Supporters among small populations of Liberals in Conservative ridings will not give us that. We need a leader who has strong Liberal support, in Liberal ridings.
Takhar’s significant delegate contingency can easily be a game changer today. Whoever Takhar does end up backing will be sure to appreciate Takhar’s outreach strategies.
Takhar’s ability to reach visible minorities is only a positive thing. We need a dozen more Takhars in the party doing the same thing. But we need a Premier who can lead all Ontarians, not just certain communities. Although I’d love to see Ontario’s first visible minority Premier, Takhar is no Barack Obama.
I’ve always been a big fan of Kathleen Wynne. She’s a progressive and talented MPP who I’ve known for years. She’s a highly competent Minister, and a natural leader.
But she’s not ready to be Premier. At least not with her current campaign staff.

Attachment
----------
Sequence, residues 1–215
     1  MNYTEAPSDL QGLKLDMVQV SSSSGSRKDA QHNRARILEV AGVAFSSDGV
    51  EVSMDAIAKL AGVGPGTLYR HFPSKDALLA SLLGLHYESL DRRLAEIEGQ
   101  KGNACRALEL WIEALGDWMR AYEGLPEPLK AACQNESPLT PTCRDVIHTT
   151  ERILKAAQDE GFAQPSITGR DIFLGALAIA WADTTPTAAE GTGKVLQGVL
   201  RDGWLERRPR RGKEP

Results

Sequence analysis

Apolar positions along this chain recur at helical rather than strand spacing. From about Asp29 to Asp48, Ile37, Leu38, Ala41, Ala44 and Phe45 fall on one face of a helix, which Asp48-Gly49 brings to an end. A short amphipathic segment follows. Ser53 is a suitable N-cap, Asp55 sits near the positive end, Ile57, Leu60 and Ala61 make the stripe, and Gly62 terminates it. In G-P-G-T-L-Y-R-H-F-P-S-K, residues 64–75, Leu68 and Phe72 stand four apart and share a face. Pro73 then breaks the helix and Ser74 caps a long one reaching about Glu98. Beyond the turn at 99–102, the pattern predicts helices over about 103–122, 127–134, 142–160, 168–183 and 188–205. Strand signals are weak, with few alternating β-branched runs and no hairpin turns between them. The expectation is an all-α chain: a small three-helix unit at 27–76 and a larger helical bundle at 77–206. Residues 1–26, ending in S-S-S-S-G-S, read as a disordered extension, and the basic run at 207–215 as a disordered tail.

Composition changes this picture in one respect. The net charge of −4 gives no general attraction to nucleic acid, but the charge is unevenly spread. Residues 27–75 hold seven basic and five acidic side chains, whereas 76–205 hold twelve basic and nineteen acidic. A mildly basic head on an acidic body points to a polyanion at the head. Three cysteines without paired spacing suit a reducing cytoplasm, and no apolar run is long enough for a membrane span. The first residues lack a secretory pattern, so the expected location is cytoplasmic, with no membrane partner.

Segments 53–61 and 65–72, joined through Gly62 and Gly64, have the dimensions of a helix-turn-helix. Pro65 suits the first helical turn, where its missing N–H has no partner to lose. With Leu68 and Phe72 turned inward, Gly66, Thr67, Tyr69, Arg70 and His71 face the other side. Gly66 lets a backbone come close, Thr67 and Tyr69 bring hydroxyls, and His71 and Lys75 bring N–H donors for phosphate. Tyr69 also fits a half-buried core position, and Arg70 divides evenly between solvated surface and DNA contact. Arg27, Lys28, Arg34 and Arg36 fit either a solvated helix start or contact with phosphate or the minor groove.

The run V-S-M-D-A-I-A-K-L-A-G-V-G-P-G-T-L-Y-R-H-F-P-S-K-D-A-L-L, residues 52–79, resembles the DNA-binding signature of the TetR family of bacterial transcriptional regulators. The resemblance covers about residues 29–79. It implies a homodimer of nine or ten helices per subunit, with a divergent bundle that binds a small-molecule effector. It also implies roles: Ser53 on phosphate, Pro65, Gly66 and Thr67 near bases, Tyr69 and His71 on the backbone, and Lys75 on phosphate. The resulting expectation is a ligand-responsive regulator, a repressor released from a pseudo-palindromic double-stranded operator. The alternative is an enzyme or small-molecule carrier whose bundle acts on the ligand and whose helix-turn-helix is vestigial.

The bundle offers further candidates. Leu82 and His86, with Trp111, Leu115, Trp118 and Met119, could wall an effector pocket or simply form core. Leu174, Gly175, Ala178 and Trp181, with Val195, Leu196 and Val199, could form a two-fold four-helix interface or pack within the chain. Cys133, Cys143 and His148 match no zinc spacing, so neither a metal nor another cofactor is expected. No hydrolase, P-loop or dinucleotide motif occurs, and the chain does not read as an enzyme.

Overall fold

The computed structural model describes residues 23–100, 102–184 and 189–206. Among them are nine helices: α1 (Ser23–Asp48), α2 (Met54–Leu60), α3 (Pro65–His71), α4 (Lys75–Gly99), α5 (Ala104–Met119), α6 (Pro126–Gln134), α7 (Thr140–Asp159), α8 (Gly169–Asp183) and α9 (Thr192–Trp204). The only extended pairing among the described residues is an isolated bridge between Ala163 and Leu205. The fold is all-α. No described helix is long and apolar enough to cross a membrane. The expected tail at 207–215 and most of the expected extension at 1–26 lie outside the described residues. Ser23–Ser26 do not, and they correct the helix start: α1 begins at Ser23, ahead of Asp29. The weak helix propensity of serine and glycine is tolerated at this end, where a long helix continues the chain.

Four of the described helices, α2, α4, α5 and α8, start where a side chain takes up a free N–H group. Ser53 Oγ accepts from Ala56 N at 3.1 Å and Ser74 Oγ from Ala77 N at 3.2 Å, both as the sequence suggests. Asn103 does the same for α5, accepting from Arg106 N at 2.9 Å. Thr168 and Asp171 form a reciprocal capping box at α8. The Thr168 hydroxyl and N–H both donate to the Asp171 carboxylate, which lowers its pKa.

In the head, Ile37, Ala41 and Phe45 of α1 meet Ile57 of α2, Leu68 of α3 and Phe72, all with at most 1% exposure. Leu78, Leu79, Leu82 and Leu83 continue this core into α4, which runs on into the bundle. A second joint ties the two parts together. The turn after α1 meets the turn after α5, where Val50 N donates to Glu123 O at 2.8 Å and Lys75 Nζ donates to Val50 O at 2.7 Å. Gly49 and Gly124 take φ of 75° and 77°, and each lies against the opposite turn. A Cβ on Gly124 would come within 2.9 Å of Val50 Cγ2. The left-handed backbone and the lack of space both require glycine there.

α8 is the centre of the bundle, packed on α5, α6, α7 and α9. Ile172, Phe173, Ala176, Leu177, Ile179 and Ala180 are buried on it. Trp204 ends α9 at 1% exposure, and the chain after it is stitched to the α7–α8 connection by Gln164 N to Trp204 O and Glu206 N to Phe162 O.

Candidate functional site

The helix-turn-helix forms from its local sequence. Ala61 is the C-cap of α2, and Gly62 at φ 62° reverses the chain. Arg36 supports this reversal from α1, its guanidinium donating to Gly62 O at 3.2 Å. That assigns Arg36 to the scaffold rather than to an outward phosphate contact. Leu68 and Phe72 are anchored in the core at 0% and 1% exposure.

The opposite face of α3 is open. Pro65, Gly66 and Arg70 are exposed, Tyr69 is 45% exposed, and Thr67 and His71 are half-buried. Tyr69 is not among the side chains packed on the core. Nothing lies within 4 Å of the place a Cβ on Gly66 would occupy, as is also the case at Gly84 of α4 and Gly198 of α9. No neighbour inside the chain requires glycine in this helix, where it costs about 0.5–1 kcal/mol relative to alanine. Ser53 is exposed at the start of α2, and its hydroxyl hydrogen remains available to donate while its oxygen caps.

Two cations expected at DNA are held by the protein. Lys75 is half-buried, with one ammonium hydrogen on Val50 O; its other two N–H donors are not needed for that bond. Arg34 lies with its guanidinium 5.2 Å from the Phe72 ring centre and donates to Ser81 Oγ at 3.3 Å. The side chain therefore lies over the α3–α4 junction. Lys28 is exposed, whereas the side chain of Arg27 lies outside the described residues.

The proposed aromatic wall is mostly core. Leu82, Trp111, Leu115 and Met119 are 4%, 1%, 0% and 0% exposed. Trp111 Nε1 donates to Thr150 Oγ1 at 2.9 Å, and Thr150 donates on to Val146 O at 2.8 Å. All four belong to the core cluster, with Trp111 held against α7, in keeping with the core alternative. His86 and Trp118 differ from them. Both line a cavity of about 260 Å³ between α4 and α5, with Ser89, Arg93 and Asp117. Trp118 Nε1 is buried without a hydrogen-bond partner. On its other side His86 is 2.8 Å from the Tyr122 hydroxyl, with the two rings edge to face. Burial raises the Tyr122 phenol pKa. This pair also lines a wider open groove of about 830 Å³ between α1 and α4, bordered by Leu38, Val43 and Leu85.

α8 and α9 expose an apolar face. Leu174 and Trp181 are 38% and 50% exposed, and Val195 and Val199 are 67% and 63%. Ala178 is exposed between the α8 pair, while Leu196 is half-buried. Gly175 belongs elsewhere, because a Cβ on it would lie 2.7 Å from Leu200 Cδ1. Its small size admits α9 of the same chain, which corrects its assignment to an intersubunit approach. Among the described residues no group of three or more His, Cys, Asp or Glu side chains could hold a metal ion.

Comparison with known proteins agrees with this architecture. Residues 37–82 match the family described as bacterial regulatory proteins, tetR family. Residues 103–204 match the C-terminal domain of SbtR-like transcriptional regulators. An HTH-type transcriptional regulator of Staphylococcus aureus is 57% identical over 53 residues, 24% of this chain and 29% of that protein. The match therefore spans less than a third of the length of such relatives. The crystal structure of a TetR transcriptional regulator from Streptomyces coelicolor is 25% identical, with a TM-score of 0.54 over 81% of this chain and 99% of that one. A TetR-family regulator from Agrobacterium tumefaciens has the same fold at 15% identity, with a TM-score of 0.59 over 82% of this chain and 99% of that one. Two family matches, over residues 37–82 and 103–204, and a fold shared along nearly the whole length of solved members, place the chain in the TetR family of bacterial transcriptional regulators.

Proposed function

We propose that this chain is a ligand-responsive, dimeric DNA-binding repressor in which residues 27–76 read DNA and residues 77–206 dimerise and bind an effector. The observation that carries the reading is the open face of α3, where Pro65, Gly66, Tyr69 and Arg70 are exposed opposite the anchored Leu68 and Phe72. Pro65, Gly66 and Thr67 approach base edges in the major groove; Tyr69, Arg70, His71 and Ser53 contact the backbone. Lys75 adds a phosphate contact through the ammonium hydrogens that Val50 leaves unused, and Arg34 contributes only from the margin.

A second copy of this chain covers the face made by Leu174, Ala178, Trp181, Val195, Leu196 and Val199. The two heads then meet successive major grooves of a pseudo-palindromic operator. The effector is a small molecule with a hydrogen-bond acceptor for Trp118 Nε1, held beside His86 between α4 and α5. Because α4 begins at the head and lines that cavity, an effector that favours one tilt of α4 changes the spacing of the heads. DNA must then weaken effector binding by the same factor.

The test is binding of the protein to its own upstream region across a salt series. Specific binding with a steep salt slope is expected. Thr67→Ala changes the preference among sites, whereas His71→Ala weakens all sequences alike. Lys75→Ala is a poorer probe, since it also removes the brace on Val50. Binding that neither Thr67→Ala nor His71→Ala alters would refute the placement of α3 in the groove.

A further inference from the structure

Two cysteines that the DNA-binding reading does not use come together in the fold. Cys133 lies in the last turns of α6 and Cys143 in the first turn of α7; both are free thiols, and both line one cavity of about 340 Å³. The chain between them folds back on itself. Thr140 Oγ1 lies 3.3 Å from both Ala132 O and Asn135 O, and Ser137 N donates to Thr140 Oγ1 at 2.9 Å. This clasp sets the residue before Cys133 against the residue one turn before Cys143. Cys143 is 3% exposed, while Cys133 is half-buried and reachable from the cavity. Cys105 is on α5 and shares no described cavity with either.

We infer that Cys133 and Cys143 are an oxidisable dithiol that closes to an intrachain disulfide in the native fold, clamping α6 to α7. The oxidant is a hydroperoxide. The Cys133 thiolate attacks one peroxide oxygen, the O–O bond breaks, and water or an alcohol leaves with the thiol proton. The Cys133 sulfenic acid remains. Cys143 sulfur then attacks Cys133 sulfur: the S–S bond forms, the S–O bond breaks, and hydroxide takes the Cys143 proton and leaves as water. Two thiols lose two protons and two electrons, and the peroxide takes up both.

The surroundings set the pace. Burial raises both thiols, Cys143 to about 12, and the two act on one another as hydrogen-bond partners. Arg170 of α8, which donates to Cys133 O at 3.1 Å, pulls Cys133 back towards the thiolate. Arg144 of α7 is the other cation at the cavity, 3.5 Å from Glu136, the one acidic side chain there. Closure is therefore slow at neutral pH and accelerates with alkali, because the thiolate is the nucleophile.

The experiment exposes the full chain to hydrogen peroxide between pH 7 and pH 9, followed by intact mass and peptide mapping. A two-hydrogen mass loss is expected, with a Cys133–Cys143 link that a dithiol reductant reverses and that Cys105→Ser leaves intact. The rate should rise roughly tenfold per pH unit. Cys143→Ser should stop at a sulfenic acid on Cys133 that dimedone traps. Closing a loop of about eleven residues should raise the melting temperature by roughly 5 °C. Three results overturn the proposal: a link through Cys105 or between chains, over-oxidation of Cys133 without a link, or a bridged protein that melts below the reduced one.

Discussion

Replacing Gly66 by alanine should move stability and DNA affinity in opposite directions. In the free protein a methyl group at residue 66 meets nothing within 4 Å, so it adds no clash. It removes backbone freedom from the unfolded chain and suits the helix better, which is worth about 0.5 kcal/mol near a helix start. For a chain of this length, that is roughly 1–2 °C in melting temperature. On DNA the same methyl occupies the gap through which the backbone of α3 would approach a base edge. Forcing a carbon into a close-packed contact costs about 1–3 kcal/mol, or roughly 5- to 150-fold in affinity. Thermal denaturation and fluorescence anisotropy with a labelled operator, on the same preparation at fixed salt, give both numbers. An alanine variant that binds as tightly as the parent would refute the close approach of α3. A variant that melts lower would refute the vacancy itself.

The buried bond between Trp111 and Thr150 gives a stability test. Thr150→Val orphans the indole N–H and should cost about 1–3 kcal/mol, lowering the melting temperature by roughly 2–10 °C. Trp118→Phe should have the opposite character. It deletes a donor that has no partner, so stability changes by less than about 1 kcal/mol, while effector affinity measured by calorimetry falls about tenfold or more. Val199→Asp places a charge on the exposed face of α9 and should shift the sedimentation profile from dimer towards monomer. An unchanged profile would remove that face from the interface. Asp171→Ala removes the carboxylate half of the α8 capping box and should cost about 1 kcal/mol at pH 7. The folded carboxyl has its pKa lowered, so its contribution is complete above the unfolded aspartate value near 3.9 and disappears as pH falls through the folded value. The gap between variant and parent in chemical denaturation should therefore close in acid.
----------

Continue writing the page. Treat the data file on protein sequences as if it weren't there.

What I’m referring to is a minor gaffe during the week before the convention. Lisa Kirby of the Daisy Consulting Group provides the background:
This week, some Liberal party members received one letter in particular that has some people very upset. This letter was translated into different languages based on a kind of assumed ethnicity based on the member’s name. Yes, name.
Remember back when the Harper Cons sent Rosh Hashanah messages to Jewish Canadians? People were outraged. What the Wynne campaign has done this week is similar, and it has offended a number of Liberal party members.
Young Liberal, Tahiya Bakht received a letter in Punjabi. She is Bangledeshi but an assumption was made that she was Indian or Pakistani based on her name… Hani El Masry received a letter from the Wynne campaign identifying him as Muslim and was then added to an email list serv for “Muslim delegates for Wynne”. Hani is Arab, but not Muslim.
Never mind that up to 20% of Egypt’s population is Orthodox Christian, one of the oldest churches in the entire world. Hani is an extremely common Egyptian name, and “El Masry” literally means “the Egyptian” in Arabic. Or that there are more languages in India than I can count, and Punjabi is hardly the default for the majority (Bakht assumed the script was actually Hindi, that’s how little she related to the message sent to her).